THE HIGH COURT OF LESOTHO
the matter between:-
by the Honourable Madam Justice N. Majara
By way of notice
of motion, applicant approached this Court for relief in the form of
review and declarator as follows:-
continued detention in prison of applicant herein be declared
proceedings in CR
dated the 10th
November 2006 be reviewed, corrected and set aside as irregular.
That applicant be
released from prison forthwith.
That applicant be
granted such further and/or alternative relief as this Honourbale
Court may deem fit.
On the 2nd
February 2007 when the matter was argued before me, respondents had
not filed their papers despite their having been ordered to
do so on
or before the 30th
January 2007 nor was there any representation on their side. The
application is as such, unopposed.
As a starting
point, Counsel for applicant, Mr.
moved the Court to release applicant for the reason that he should
not have been remanded into custody without compelling reasons
furnished as it is provided for by the Speedy
Trials Act No 9 of 2002
and the 1993
first remanded into custody on the 10th
August 2006 after which he fell ill and was hospitalized. He was
later discharged from hospital and on the 10th
November 2006 he applied to be released from custody in terms of the
provisions of the Speedy Trials Act but his application was
and the Magistrate informed him that his case was ready to be heard.
in his founding affidavit that the said application and the reasons
for its denial were not recorded and that
to date, his trial has not
yet taken off despite his having been informed that his case was
ready for hearing. It is applicant’s
case that the Magistrate
committed an irregularity in failing to record his application for
release and the compelling reasons
for his being kept in custody
after the prescribed period of sixty (60) days had lapsed.
I turn now to deal
with the arguments made on behalf of applicant.
Attached to the
Court file is a record from the Magistrate Court comprising of the
charge sheet, the annexure thereof and the minutes
of the remands
respectively. From the said record, applicant was first remanded on
August 2006 whereby the charge and his rights were read and explained
to him. This was followed by a series of remands throughout
months of September, October, November, December and January.
From the 24th
November, 2006 up till the 8th
January, 2007, which made up a total of the last four (4) remands
before this application was filed, the minutes reflect that the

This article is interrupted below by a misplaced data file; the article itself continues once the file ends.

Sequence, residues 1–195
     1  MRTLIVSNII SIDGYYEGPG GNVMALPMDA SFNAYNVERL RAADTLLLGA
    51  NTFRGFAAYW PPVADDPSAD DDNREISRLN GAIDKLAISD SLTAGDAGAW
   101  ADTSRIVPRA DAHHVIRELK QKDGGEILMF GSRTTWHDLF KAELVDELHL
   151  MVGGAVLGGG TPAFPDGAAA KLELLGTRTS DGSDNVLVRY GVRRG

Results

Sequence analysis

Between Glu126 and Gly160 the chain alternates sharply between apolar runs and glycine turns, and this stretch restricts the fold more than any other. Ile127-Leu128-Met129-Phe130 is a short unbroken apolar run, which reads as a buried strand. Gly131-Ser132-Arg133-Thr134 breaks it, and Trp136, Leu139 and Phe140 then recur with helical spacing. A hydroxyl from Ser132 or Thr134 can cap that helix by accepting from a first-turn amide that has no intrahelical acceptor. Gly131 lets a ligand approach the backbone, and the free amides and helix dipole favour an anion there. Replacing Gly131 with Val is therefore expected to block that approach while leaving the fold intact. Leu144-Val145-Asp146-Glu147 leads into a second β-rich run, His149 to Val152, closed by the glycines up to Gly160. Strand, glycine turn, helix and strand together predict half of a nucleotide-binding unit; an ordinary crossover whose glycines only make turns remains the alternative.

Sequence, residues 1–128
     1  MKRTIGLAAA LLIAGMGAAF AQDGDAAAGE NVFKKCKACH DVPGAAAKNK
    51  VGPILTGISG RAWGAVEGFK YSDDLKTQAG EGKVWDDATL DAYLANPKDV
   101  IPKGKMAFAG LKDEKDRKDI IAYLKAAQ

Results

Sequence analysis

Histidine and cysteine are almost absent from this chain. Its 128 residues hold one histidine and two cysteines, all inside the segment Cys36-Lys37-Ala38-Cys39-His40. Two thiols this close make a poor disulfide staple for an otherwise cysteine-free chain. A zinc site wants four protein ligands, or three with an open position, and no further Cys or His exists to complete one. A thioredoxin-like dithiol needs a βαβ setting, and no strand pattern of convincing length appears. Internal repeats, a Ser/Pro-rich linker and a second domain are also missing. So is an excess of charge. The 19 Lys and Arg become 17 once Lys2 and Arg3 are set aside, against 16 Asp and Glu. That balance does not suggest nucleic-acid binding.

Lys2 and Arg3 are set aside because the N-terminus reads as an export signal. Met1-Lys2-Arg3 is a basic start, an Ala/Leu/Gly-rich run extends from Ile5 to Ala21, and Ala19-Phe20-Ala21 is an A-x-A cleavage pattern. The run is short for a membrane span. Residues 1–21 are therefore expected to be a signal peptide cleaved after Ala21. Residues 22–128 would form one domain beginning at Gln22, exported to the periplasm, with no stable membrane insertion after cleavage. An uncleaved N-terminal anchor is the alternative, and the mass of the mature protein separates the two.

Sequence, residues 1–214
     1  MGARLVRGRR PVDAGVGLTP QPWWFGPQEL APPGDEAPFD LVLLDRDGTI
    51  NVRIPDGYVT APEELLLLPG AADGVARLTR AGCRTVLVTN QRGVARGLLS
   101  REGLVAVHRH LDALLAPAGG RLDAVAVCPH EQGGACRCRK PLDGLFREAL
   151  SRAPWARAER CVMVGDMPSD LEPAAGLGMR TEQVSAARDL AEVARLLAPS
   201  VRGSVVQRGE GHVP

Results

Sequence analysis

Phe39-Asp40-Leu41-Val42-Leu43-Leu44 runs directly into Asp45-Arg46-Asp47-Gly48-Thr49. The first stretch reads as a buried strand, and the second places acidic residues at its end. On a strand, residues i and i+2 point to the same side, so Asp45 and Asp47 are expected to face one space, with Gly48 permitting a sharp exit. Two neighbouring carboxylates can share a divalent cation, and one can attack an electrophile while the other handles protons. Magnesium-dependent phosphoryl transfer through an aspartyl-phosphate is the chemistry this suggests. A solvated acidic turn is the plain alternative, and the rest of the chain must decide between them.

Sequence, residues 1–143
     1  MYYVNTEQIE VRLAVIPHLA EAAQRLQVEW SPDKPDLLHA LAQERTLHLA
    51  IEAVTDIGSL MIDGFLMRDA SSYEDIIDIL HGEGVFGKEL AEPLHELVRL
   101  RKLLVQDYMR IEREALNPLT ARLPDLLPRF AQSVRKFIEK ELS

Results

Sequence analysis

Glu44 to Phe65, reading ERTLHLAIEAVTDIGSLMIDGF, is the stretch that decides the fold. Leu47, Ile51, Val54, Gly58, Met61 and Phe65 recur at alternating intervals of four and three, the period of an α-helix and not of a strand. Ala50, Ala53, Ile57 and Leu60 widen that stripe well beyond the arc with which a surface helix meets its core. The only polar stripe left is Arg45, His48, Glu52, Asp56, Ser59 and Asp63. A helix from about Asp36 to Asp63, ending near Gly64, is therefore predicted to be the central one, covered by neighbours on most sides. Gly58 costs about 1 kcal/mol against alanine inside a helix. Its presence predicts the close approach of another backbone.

was remanded for set down during the said four appearances.
However, it has still not been set down part of the reasons
that the prosecutor handling the case was not present during some of
the mentioned remands.
The minutes also
show that as has been averred by applicant in the pleadings, nothing
suggests that he ever moved an application
to be released from
custody per the provisions of the Speedy Court Trials Act 2002, or
that any compelling reasons for refusal
of same were recorded. The
record simply does not reflect such proceedings.
As I have already
shown, this application is unopposed which means that all the
averments deposed to by applicant as supported by
the record, stand
unchallenged i.e. that he moved the application and the Magistrate
refused it but failed to write down compelling
reasons for so
Section 4 of
the Speedy Court Trials Act 2002
to which I was referred to by counsel for applicant provides as
shall not be remanded in custody for a period exceeding 60 days
unless there are compelling reasons to the contrary and
shall be recorded in writing.”
On the basis of
applicant’s un-controverted averments and from the minutes of
the record as it stands, I can only assume that
absence of compelling
reasons in writing from the record means the provisions of Section 4
were not complied with.
6 (1) of the Subordinate Court Act 1998 (as amended)
provides that every subordinate Court shall be a court of record. It
therefore goes without saying that where an application such
is made before a Magistrate, it should be recorded together with the
ruling. Where this has not been done, then the applicant
to be given the benefit of doubt as was stated by my brother, the
learned Ramodibedi J in the case of Phakiso
Seate v Rex C OF A (CRI) NO. 4 OF 2000 (unreported) p4.
I may hasten to add that in
do not think any doubt exists as far as applicant’s
unchallenged averments are concerned.
I might also add
that, that the principle of affording an accused a fair trial
includes his being tried as speedily as possible
and his liberty
being interfered with as minimally as possible is trite. Whilst
there could be compelling reasons why applicant
should be kept in
custody until his trial is finalized, Section 4 above is clear that
these must be recorded in writing. Where
this has not happened as
despite applicant having made such an application before the
magistrate, it clearly runs contrary to the constitutional right of
subject to a speedy and fair trial.
ado, I am satisfied that applicant has made out a case for the relief
sought and I accordingly grant the application
as prayed for in terms
of prayers 1, 2 and 3 as they appear in the notice of motion.
applicant : Mr. PR Thulo
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